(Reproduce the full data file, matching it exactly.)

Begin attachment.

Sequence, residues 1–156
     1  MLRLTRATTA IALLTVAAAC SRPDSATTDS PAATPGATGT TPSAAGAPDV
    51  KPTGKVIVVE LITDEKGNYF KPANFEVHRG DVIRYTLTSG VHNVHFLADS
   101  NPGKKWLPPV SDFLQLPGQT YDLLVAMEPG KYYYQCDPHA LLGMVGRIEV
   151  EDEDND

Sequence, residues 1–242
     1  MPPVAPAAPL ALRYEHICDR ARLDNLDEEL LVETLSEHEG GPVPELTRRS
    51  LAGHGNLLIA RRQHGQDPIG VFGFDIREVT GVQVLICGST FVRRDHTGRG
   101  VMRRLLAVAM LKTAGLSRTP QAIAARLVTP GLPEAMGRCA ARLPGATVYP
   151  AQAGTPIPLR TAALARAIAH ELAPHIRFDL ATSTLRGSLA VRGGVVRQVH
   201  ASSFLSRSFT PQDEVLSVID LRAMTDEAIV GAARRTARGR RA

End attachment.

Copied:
Sequence, residues 1–156
     1  MLRLTRATTA IALLTVAAAC SRPDSATTDS PAATPGATGT TPSAAGAPDV
    51  KPTGKVIVVE LITDEKGNYF KPANFEVHRG DVIRYTLTSG VHNVHFLADS
   101  NPGKKWLPPV SDFLQLPGQT YDLLVAMEPG KYYYQCDPHA LLGMVGRIEV
   151  EDEDND

Sequence, residues 1–242
     1  MPPVAPAAPL ALRYEHICDR ARLDNLDEEL LVETLSEHEG GPVPELTRRS
    51  LAGHGNLLIA RRQHGQDPIG VFGFDIREVT GVQVLICGST FVRRDHTGRG
   101  VMRRLLAVAM LKTAGLSRTP QAIAARLVTP GLPEAMGRCA ARLPGATVYP
   151  AQAGTPIPLR TAALARAIAH ELAPHIRFDL ATSTLRGSLA VRGGVVRQVH
   201  ASSFLSRSFT PQDEVLSVID LRAMTDEAIV GAARRTARGR RA